Health

New, more virulent HIV strain reported in the Netherlands 40 years after pandemic began

The new HIV variant is a cause for concern since these are figures for a country with high awareness about and monitoring of the disease

 
By Taran Deol
Published: Friday 04 February 2022
Non-human African primates are the source for HIV. The African green monkey is the source of the Simian Immunodeficiency Virus, the sooty mangabey is the source of HIV-2 and the Common Chimpanzee the source of HIV-1. Photo: Wikimedia Commons
Non-human African primates are the source for HIV. The African green monkey is the source of the Simian Immunodeficiency Virus, the sooty mangabey is the source of HIV-2 and the Common Chimpanzee the source of HIV-1. Photo: Wikimedia Commons Non-human African primates are the source for HIV. The African green monkey is the source of the Simian Immunodeficiency Virus, the sooty mangabey is the source of HIV-2 and the Common Chimpanzee the source of HIV-1. Photo: Wikimedia Commons

A new, highly virulent strain of the Human Immunodeficiency Virus (HIV) has been discovered in the Netherlands. Its origin has been traced as far back as to the 1990s using genetic sequence analysis.

This is the main group of HIV-1 that triggered the HIV pandemic worldwide in 1981. The virus itself first emerged in 1920 in Kinshasa (then Leopoldville), Belgian Congo.

The strain’s high virulence is calculated based on viral load and CD4 counts — “the concentration of CD4+ T cells in peripheral blood, which tracks immune system damage by the virus”.

The BEEHIVE project is an ongoing study funded by the European Research Council that looks at what causes a more severe impact on a person infected with HIV.

The project identified 17 individuals whose viral loads were ‘highly elevated’. Fifteen of these were from the Netherlands and one each from Belgium and Switzerland.

The scope of the study was expanded to include 6,706 participants to further understand the new variant. Ninety-two of these individuals were infected with the virulent strain.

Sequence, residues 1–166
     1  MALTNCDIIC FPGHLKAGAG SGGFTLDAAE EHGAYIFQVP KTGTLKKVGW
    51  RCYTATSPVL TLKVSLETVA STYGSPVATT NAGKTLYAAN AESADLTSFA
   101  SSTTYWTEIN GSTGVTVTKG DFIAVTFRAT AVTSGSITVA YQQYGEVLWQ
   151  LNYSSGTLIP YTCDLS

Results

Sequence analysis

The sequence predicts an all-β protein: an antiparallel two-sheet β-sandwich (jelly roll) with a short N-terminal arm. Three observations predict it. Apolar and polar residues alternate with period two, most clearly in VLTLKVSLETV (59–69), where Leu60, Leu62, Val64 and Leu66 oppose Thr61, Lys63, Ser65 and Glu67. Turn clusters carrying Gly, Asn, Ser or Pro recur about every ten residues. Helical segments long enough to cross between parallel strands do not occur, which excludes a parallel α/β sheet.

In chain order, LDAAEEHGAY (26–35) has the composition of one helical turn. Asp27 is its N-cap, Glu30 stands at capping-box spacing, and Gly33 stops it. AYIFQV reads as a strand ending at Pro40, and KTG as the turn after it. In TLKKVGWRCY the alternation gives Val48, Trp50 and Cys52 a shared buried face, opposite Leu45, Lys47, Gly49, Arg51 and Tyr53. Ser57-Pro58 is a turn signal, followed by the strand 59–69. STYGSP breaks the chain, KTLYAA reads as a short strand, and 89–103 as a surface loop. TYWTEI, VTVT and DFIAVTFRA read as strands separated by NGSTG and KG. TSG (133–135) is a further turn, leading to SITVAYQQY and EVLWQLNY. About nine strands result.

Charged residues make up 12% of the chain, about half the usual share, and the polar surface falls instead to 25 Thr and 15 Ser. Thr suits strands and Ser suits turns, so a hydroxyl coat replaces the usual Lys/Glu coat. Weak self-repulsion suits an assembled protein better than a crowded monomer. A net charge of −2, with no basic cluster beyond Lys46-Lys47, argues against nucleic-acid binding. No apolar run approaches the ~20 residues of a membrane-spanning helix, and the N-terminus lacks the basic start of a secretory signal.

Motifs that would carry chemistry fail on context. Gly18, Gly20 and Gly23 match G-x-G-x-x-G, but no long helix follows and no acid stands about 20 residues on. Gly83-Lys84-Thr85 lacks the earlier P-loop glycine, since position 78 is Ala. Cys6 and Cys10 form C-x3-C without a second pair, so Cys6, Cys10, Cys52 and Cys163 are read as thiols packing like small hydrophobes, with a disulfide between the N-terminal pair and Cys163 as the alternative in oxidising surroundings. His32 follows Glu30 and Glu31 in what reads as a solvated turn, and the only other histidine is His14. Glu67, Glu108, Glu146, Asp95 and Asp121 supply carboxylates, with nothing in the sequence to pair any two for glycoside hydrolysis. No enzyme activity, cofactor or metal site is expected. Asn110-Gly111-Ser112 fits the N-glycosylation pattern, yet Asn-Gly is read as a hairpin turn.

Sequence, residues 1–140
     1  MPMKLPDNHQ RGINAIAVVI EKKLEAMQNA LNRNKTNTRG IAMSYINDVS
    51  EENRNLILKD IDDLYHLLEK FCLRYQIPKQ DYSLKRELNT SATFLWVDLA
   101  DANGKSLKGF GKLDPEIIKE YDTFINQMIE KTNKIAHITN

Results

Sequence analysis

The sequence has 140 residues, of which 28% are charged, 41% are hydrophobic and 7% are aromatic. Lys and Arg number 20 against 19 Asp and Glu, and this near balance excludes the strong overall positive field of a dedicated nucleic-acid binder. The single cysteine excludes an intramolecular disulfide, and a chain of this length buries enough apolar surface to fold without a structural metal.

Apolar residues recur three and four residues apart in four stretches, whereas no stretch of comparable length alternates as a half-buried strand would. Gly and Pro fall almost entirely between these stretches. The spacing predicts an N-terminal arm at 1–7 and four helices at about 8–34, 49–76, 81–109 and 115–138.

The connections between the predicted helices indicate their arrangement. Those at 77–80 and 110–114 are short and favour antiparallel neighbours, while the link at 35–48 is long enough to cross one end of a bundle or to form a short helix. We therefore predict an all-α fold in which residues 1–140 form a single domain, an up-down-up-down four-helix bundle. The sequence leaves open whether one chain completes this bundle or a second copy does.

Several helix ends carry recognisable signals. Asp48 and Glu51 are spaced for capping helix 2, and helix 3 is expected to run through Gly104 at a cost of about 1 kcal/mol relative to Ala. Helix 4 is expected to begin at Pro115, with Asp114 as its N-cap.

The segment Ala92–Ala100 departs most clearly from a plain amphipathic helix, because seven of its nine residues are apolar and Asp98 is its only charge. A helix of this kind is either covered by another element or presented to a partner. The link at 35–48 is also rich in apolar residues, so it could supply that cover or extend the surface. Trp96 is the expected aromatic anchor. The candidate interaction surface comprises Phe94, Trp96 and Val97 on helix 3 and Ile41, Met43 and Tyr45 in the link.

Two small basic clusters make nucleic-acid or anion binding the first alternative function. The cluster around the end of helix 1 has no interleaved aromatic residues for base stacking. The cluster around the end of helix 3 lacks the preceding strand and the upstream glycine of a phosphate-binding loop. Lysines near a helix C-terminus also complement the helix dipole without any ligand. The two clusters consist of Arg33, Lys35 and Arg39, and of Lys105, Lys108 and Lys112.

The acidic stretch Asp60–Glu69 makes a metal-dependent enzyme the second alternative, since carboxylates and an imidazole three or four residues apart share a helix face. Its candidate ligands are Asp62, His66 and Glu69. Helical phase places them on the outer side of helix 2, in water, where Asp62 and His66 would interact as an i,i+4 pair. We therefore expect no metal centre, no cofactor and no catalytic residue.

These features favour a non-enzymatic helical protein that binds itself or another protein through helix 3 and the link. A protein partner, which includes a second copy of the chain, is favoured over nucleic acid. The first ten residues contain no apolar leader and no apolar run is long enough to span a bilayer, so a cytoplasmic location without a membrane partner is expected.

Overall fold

The high viral load indicated that those infected with HIV are more likely to transmit it to others, while CD4 counts are representative of how the immune system will respond. A low figure indicated a greater risk of developing Autoimmune Deficiency Syndrome (AIDS) more rapidly.

The findings on the subtype-B variant (VB variant), published in the Science journal February 3, 2022, showed that for males between the ages of 30 and 39, “advanced HIV is expected to be reached in only nine months (without treatment) from the time of diagnosis for VB individuals, compared with 36 months (without treatment) for non-VB individuals.”

The decline into advanced HIV is even more rapid in the older age group.

The new variant is a cause for concern since these are figures for a country with high awareness about and monitoring of the disease.

“In contexts with less awareness and monitoring, in which diagnosis often occurs later in infection, the probability of reaching advanced HIV before diagnosis would be even greater,” the study noted.

Much like COVID-19, HIV too is a ribonucleic acid virus. Therefore, it is in its nature to mutate.

In the backdrop of omicron — the fifth variant of concern — these new findings are indicative of the fact that a virus doesn’t always mutate to become more infectious and less virulent.

While experts have cautioned against these findings, stressing on the need to double down on monitoring and sequencing, the treatment remains the same.

“Our discovery of a highly virulent and transmissible viral variant emphasises the importance of access to frequent testing for at-risk individuals and of adherence to recommendations for immediate treatment initiation for every person living with HIV,” the study stated in conclusion.

HIV has already been recorded as one of the most rapidly mutating viruses. According to a report in Nature, the virus genes vary from one person to another who has tested positive for it.

At times, it differs within one individual. At least 37.7 million people, the majority of whom are adults, across the world are living with HIV. Between 2010 and 2020, HIV cases have reduced by 31 per cent according to UNAIDS.

However, since the COVID-19 pandemic hit in 2020, testing and treatment has faced a setback as resources were redirected.

“Testing declined by 41 per cent and referrals for diagnosis and treatment declined by 37 per cent during the first COVID-19 lockdowns in 2020,” The Global Fund to Fight AIDS, Tuberculosis and Malaria reported.

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